China seized its first-ever men's gold for swimming in World Championships on Wednesday, with Zhang Lin improving Grant Hackett's four-year-old 800 meters freestyle world record by more than six seconds.

Zhang sliced six-and-a-half seconds off the previous world record of 7:38.65, set by Hackett at the 2005 World Championships in Montreal.

Tunisia's Ous Mellouli, overtaken by Zhang at 200m mark, picked up the silver in 7:35.27 and Canadian Ryan Cochrane was third in 7:41.92.

I'm more than five seconds quicker than Hackett's record and I'm still surprised, Zhang said. I can't believe it.

It was the 22-year-old's first gold medal at the World Championships - and China's first ever men's swimming gold at a major international event.

Throughout the whole day yesterday, Zhang's swim was replayed on China Central Television's sports channel, while Internet news sites were awash with his achievements. Some netizens even called him China's new sports icon after Liu Xiang.

Five years ago at the Athens Games, Liu Xiang became China's first Olympic sprinter champion by winning the 110-meter hurdles and Asia's first male athlete to crown the event.

Now in Rome, Zhang's achievement not only boosts his confidence in the coming men's 1500-meter freestyle race, but also makes China's swimmers hopeful of more surprises in London 2012.

China's men's swimming has always been regarded as the country's weakest event, lacking competitive edge at the world's major events.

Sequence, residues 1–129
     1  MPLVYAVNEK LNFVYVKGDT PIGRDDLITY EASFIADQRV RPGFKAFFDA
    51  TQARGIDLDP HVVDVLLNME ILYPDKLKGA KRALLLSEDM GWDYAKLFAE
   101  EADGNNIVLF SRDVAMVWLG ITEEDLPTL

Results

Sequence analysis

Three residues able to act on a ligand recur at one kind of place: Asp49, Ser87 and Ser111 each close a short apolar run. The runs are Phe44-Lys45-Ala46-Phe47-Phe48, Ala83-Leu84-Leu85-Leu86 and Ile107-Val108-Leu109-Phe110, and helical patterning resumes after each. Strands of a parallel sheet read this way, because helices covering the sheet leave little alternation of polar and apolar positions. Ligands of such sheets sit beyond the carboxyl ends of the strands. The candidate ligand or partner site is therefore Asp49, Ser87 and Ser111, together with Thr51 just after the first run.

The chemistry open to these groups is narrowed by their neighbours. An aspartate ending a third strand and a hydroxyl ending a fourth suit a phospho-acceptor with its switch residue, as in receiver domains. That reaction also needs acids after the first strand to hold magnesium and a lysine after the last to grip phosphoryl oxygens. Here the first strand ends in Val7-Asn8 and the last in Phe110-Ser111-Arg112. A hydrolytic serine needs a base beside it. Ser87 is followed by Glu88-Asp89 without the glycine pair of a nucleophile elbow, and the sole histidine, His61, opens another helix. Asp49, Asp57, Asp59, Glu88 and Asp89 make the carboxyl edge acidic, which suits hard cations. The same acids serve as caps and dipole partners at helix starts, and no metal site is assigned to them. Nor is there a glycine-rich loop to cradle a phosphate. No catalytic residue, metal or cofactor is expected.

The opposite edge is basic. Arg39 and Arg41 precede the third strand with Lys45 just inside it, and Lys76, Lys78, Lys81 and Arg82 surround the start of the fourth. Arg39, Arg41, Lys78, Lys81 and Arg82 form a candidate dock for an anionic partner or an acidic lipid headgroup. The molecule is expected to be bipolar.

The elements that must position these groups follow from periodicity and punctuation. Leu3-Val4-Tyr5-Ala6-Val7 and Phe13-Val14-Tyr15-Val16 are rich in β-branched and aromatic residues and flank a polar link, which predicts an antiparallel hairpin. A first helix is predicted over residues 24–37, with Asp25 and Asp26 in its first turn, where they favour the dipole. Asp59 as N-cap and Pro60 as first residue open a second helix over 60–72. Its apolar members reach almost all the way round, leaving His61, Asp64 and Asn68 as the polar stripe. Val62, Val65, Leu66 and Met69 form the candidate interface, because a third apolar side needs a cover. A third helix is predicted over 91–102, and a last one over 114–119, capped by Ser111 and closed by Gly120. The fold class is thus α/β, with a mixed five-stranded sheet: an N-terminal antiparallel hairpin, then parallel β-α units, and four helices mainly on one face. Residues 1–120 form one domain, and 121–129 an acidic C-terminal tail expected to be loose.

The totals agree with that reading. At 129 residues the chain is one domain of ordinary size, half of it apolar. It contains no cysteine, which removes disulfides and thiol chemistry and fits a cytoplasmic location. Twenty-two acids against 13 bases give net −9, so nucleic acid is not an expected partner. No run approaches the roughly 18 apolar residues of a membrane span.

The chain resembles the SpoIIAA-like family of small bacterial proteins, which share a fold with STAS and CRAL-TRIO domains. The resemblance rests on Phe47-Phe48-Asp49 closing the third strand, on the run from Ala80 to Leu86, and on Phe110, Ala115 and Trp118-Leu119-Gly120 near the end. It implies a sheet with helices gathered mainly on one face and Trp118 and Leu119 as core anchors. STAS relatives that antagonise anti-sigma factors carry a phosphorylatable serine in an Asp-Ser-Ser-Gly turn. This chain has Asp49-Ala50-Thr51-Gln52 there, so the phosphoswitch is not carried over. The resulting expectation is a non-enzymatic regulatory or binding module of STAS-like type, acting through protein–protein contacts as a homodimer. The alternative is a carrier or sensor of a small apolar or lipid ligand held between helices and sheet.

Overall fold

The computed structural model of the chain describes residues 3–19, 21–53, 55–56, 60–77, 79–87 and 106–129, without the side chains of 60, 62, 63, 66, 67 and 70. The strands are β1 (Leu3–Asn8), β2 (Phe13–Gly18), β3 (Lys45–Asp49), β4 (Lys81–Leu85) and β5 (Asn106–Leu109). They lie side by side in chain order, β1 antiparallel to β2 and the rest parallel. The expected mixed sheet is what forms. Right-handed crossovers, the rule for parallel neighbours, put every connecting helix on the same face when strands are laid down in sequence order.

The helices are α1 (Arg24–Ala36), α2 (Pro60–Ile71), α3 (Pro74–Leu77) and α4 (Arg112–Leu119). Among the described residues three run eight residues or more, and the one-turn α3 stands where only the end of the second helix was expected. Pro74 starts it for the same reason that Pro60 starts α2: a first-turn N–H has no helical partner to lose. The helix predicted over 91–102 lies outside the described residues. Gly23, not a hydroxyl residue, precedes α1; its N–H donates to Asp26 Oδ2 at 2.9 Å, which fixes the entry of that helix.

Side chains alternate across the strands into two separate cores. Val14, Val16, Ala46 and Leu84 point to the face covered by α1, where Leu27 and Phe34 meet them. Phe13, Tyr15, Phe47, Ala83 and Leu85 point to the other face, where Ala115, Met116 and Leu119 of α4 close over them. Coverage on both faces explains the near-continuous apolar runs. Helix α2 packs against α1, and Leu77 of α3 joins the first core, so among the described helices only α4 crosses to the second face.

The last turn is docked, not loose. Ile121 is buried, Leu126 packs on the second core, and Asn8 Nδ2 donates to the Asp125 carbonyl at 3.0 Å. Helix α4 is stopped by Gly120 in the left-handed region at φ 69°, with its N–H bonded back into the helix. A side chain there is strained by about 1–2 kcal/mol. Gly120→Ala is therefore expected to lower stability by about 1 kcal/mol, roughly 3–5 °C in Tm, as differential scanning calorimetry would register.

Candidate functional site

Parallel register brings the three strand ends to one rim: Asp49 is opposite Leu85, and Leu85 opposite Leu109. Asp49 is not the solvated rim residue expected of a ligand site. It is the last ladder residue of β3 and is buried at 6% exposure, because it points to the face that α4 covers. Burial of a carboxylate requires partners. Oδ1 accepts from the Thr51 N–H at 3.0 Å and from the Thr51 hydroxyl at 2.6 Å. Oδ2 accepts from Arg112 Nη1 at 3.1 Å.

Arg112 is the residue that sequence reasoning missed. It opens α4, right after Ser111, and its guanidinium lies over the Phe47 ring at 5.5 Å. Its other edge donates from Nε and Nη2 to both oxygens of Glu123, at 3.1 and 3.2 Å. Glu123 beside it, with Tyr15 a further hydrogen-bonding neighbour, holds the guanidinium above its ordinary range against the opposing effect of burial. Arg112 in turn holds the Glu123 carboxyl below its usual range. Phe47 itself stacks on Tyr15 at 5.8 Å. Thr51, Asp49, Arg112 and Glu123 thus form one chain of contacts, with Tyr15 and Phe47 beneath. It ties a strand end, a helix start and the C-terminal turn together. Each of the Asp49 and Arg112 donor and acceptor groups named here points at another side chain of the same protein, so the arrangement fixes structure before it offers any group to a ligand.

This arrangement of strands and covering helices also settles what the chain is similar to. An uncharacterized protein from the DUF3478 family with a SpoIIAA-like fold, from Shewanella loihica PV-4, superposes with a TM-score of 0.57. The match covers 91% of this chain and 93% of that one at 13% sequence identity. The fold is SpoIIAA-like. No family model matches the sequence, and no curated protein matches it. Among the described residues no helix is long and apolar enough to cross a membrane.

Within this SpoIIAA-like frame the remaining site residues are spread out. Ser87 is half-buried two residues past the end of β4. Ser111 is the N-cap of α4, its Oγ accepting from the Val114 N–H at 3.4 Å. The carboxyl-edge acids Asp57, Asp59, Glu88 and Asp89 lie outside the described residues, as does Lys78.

Even in Asia, China's men's swimming has for a long time lagged behind Japan and Korea. Before the Rome championships, the best results achieved were Zeng Qiliang's 100-meter breaststroke and Wu Peng's 200-meter butterfly silvers at the world championships in 1998 and 2007 respectively.

Swimming pools, alongside the track and field, have always been the most important battlefields in the Olympic Games for competing nations, with many medals produced from the two arenas.

However, during the Beijing Games last year, China failed to win a gold in track and field and only won one gold in the women's 200-meter butterfly. Zhang Lin's silver in the men's 400-meter freestyle was already their best ever Olympic mark and China's first ever medal in men's swimming.

Zhang's breakthrough at the Beijing Olympic Games largely came from his unique way of training compared with other Chinese swimmers.

In late 2007, he went to Australia to train under Denis Cotterell, the former coach of Australian swimming great Hackett, becoming the first Chinese swimmer allowed to train outside the country.

Under the instruction of Cotterell, Zhang has been making extraordinary progress, especially in 2009, winning three gold medals in the 200-meter, 400-meter and 1500-meter freestyle in the Short Course Open in Japan in February.

In the National Championships in April, Zhang was on even better form, winning the three events in this year's world's best results.

I've been under great pressure before the final, I didn't even know how to swim, Zhang wrote in his blog afterward. My Olympic silver and the gold here are of the same importance, showing our improvements.